Conduct Of Business RegulationVW Staff
Conduct of Business Regulation via SSRN
Washington University in Saint Louis – School of Law
June 30, 2014
Oxford Handbook of Financial Regulation (N Moloney, E Ferran and J Payne eds) (OUP 2015, Forthcoming)
This chapter provides a survey and comparative analysis of conduct of business (COB) regulation. COB regulation governs financial intermediaries’ conduct toward their clients, that is, toward the actors – whether individuals or institutions – with whom financial intermediaries transact in providing financial products and services. Modal regulatory strategies include anti-fraud rules, and duties of care, loyalty, fair-dealing and best-execution – and variants of these duties.
The chapter describes the justifications for COB regulation, the modal regulatory strategies used and the complex frameworks within which COB regulation operates. It then generally assesses US COB regulation, focusing on the regulation of broker-dealers and investment advisers. It outlines important market and regulatory developments over the past several decades and draws comparisons with corresponding EU and Australian conduct of business regulation. The chapter concludes by discussing reforms proposed or adopted in the wake of the global financial crisis of 2007-09.
Conduct Of Business Regulation – Introduction
Conduct of business (COB) regulation governs financial intermediaries’ conduct toward their clients; that is, toward the actors – whether individuals or institutions – with whom financial intermediaries transact in providing financial products and services. While the expression ‘conduct of business regulation’ is not widely employed in some jurisdictions,
including the US, it is commonly used by international financial regulatory bodies and by financial regulators in many jurisdictions, including the Member States of the EU. COB regulation governs financial intermediaries acting for or on behalf of their clients, such as in giving advice, exercising discretion, and executing orders. It may also govern intermediaries’ arm’s-length arrangements with clients – transactions in which intermediaries act as principals, or counterparties, in buying or selling financial products. COB regulation typically applies across the spectrum of financial intermediaries’ functional lines of business, including their securities, banking, and insurance activities. It takes various forms, including requirements for registration or licensing; rules governing sales, marketing, and other business practices; and mechanisms of enforcement.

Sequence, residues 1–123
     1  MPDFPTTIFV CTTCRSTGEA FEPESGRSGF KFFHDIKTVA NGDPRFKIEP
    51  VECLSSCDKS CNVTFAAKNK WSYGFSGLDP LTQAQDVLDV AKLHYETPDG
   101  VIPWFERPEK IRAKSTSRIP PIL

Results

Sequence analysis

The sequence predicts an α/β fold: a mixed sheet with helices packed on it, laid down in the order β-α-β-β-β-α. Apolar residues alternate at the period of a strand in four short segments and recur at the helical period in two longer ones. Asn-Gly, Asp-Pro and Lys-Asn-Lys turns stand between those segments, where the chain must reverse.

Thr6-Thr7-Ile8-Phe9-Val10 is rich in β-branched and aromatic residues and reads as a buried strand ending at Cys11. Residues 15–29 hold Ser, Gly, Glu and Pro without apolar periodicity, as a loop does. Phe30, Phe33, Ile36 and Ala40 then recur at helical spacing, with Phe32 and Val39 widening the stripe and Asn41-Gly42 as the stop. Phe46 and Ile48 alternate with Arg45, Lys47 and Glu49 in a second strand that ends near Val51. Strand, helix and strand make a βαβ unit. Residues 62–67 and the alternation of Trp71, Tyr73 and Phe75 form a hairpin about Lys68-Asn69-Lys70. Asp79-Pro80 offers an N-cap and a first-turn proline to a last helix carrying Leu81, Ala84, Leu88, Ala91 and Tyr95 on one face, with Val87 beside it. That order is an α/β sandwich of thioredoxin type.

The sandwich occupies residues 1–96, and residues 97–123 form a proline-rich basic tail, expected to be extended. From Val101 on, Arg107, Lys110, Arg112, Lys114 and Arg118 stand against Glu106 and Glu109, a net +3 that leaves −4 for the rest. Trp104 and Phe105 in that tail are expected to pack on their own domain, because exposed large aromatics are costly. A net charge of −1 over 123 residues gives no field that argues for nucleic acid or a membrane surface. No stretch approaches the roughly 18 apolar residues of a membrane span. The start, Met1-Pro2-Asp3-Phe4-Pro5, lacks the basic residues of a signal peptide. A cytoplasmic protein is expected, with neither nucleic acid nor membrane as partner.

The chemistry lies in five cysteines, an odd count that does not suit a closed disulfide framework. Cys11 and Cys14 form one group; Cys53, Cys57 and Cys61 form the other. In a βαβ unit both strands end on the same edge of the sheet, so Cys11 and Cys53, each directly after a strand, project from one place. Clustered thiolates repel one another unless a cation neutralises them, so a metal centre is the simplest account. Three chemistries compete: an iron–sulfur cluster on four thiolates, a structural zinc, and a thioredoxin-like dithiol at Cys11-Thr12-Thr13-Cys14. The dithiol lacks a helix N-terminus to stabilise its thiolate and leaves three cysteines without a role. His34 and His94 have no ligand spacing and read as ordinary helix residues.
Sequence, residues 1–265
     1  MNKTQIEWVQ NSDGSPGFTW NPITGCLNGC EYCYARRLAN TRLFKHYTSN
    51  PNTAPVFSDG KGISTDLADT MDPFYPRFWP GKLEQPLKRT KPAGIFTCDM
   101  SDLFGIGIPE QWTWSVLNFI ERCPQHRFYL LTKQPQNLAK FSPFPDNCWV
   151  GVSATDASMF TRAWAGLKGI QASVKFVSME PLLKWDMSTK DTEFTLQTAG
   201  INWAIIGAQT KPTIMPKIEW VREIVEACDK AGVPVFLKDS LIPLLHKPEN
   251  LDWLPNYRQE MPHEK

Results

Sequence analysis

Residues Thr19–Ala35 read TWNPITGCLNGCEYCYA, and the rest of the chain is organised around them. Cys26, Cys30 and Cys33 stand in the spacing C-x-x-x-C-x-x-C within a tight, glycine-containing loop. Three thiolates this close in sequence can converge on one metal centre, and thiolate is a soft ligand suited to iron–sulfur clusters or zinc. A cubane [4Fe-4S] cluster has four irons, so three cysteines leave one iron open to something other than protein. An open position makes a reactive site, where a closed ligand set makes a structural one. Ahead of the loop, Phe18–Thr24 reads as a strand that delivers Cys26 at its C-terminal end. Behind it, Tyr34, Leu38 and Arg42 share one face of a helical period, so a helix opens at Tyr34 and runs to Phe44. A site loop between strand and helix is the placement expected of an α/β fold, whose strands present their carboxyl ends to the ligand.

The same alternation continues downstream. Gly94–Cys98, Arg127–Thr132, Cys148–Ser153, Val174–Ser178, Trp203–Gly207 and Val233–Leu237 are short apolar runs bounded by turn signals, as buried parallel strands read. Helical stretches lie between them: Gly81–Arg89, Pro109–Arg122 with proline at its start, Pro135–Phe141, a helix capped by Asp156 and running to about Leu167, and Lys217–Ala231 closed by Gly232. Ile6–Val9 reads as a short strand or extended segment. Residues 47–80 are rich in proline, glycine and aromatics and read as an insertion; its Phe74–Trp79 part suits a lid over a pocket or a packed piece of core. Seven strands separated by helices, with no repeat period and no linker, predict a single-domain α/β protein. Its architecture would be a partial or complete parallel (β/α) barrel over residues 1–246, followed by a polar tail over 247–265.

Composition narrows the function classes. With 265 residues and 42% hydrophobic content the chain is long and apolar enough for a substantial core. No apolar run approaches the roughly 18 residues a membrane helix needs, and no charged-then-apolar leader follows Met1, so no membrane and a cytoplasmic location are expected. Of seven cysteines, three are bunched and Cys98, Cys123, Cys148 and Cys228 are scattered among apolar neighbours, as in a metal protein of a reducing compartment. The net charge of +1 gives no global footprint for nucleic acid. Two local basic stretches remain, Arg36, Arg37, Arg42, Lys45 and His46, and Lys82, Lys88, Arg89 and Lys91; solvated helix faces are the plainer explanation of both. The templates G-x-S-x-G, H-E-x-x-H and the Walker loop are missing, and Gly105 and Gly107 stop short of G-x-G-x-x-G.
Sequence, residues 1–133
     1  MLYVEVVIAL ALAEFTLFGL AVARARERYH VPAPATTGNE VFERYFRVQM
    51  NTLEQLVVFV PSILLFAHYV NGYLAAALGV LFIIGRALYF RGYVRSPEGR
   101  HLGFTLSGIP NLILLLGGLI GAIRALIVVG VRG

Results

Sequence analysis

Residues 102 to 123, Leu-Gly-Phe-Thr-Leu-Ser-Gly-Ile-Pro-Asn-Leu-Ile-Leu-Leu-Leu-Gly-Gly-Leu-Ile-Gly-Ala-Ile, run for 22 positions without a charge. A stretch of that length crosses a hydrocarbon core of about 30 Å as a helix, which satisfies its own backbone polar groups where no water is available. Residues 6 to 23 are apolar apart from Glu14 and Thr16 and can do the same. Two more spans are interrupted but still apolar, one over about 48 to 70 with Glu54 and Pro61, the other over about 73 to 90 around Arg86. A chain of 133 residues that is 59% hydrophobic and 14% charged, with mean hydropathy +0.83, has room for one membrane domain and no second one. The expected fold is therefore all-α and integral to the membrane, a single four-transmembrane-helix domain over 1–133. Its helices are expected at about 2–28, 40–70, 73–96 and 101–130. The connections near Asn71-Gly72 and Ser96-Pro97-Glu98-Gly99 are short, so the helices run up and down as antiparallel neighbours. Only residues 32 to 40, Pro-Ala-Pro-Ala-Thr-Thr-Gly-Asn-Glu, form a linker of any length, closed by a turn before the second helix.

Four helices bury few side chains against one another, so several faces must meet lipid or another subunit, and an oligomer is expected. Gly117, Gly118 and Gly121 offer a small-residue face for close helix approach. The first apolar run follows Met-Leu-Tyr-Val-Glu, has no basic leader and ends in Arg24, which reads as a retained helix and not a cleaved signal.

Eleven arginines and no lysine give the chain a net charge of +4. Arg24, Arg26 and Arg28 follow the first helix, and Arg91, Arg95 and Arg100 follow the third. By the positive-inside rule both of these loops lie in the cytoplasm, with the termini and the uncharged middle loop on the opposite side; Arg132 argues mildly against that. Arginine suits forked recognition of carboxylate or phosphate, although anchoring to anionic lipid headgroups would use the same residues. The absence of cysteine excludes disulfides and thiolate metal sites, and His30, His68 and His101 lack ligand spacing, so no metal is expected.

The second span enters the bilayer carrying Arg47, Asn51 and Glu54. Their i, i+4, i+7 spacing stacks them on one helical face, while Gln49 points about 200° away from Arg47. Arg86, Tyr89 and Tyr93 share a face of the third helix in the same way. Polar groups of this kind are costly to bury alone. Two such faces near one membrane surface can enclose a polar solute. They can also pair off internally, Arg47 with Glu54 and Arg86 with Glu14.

Conduct of business regulation serves the objectives of protecting clients (investors) from harm, preserving and enhancing the integrity and orderly operation of financial markets, and otherwise serving the public interest. Because its focus is ‘client-facing,’ it does not encompass ‘firm-facing’ regulation, such as the imposition of general supervision obligations, recordkeeping requirements, or net capital requirements – regulation that nevertheless serves to protect clients. Moreover, because of its focus on conduct, COB regulation does not encompass product regulation except to the extent such rules shape financial intermediaries’ conduct toward their clients.
This Chapter considers various functional lines of business, but focuses on securities. As Professor Eddy Wymeersch observed, conduct of business regulation is more symptomatic of securities regulation than of banking and insurance regulation. The latter areas of financial regulation have been primarily concerned with the solvency of banks and insurance companies, whereas securities regulation has focused on investor protection – an objective served by COB regulation.
The Chapter begins with the regulatory backdrop to COB regulation. It describes the justifications for COB regulation, the modal regulatory strategies used, and the complex frameworks within which COB regulation operates. The Chapter then generally assesses US COB regulation, outlining important market and regulatory developments over the past several decades, and drawing comparisons with corresponding EU and other COB regulation. The Chapter concludes by discussing reforms proposed or adopted in the wake of the global financial crisis of 2007-09.
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